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978-0-7391-7549-1 • Hardback • October 2012 • $136.00 • (£105.00)
978-0-7391-9799-8 • Paperback • May 2014 • $68.99 • (£53.00)
978-0-7391-7550-7 • eBook • September 2012 • $61.50 • (£47.00)
Cassandra Veney is an associate professor in the Department of Political Science at Loyola Marymount University/Los Angeles, California. Her primary area of research has concentrated on the politics of forced migration in Kenya and Tanzania.
Dick Simpson is a professor and former Department Head in the Department of Polticial Science at the University of Illinois at Chicago. He is also a former Chicago Alderman whose primary areas of research include Sierra Leone and American politics, elections, and urban politics.
Part I: Demobilization and Reconstruction
Chapter 1: Introduction
Cassandra R. Veney
Chapter 2: No Justice, No Peace: The Elusive Search for Justice and Reconciliation in Sierra Leone
Chapter 3: The Role of Ex-Combatants in Mozambique
Chapter 4: Memory Controversies in Post-Genocide Rwanda: Implications for Peacebuilding
Part II: Institutional Challenges
Chapter 5: Land Reform, Social Justice, and Reconstruction: Challenges for Post-Genocide Rwanda
Chapter 6: Elections as a Stress Test of Democratization in Societies: A Comparison of Liberia, Sierra Leone, and the Democratic Republic of the Congo
Chapter 7: Partners or Adversaries? NGOs and the State in Postwar Sierra Leone
Fredline A.O. M’Cormack-Hale
Chapter 8: Chieftancy and Reconstruction in Sierra Leone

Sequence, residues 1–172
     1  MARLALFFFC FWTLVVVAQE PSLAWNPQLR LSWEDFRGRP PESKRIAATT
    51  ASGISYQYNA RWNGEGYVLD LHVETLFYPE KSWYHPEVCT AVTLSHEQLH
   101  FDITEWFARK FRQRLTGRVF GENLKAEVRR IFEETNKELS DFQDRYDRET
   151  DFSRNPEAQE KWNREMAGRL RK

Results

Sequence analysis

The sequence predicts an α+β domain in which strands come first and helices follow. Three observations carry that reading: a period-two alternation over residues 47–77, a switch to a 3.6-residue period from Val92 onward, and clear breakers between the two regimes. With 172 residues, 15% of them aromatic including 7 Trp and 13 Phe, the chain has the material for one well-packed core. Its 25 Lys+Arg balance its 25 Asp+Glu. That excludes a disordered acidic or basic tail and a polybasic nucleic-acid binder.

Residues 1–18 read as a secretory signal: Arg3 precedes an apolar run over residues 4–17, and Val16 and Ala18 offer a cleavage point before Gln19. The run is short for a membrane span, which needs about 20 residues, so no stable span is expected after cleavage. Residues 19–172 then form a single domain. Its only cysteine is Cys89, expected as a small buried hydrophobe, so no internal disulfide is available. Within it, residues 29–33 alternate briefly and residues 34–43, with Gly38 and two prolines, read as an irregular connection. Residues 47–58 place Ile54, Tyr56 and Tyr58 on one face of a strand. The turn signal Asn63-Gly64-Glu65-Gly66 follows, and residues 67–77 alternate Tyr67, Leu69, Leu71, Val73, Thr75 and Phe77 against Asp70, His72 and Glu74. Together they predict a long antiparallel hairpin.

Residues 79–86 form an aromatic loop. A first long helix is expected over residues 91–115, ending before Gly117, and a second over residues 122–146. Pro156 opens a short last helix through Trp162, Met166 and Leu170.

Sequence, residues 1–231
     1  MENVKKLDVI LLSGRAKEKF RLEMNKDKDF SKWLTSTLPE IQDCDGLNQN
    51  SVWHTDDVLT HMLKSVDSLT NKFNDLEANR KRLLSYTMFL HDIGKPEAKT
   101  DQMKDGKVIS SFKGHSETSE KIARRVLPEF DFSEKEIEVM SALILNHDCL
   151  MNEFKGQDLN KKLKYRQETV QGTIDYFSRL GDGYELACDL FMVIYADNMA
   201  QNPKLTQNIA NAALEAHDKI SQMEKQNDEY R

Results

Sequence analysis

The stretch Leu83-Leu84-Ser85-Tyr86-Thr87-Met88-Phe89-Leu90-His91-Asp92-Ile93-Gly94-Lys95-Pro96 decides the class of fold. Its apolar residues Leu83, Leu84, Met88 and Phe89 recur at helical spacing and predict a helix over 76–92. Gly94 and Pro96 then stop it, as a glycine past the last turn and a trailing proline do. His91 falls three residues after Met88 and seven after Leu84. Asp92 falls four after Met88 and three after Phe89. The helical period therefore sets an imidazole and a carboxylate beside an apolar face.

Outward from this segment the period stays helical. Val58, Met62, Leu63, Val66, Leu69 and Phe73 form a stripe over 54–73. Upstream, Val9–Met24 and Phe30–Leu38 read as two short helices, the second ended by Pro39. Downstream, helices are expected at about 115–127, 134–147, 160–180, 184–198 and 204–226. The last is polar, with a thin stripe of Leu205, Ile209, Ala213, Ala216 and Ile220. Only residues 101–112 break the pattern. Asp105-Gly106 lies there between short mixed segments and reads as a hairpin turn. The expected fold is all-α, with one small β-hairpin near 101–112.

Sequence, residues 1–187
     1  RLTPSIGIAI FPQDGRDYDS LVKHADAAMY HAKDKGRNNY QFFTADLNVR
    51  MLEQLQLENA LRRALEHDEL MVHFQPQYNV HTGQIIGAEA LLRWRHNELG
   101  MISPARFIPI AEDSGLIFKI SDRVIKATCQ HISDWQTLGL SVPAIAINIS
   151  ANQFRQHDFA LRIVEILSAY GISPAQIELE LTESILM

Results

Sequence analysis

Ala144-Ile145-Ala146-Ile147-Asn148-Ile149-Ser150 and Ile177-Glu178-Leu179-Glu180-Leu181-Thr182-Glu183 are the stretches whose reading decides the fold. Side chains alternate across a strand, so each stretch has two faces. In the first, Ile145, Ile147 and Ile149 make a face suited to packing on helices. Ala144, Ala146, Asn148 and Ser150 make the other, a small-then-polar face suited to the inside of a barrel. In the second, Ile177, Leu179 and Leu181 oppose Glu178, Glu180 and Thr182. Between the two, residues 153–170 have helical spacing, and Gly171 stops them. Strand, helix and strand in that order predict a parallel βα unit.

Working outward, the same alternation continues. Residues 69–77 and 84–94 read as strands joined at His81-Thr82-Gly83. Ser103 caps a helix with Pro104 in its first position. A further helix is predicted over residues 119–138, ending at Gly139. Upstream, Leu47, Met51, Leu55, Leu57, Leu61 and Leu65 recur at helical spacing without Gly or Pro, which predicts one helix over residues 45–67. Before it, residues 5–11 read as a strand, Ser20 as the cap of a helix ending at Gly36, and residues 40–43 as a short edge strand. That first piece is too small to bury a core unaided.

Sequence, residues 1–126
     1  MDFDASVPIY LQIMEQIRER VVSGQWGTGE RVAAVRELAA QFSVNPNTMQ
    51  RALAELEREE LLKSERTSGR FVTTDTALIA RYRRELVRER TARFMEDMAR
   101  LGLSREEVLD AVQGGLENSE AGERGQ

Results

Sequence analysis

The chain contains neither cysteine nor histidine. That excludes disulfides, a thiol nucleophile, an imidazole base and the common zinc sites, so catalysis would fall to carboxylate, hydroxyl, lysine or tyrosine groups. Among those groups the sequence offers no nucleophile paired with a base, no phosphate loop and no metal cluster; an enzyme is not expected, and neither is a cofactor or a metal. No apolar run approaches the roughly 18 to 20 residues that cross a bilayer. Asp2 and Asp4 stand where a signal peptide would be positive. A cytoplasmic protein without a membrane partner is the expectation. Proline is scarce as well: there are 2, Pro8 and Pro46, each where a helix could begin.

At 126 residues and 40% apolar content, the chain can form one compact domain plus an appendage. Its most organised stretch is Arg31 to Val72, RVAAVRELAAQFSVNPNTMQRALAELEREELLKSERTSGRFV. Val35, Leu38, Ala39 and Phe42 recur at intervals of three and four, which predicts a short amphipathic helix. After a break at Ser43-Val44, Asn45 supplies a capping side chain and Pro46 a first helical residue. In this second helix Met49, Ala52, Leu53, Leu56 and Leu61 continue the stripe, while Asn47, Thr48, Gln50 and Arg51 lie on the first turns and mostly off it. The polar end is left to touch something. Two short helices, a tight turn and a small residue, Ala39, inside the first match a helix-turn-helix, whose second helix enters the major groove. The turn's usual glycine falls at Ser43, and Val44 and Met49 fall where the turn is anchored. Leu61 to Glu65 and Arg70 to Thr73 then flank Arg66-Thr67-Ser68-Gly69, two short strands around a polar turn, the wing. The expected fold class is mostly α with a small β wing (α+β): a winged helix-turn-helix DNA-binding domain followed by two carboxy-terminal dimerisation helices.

Part III: Partnerships on the Way Forward
Chapter 9: The Role of African Diasporas in Reconstruction
Paul Tiyambe Zeleza
Chapter 10: The Role of the African Union in Reconstruction in Africa
Thomas Kwasi Tieku
Chapter 11: Governance Challenges in Sierra Leone
12: Challenges of Governance Reform in Liberia
Part IV: The Future of Fragile States
Chapter 13: Achieving Development and Democracy
African Democracy and Development edited by Simpson and Veney is an excellent discussion of post-conflict situations in Africa. Sierra Leone and Rwanda are the most deeply explored here and are two of the most spectacular cases of conflict in recent history. This work advances how we think about and study a welcome phenomenon in contemporary African states.
— K. C. Morrison, Mississippi State University
The literature on the challenges faced by post-conflict states is abundant. It is thus welcome that this edited book does not try to provide broad discussions but rather tackles precise and essential aspects of post-war situations. This constitutes the common thread of the book as it is quite successful in picking diverse but key issues related to post-conflict contexts. The book's second unifying principle is that it has a geographical bias towards Sierra Leone, Rwanda, and to a lesser extent Liberia and Mozambique.
— Journal of Modern African Studies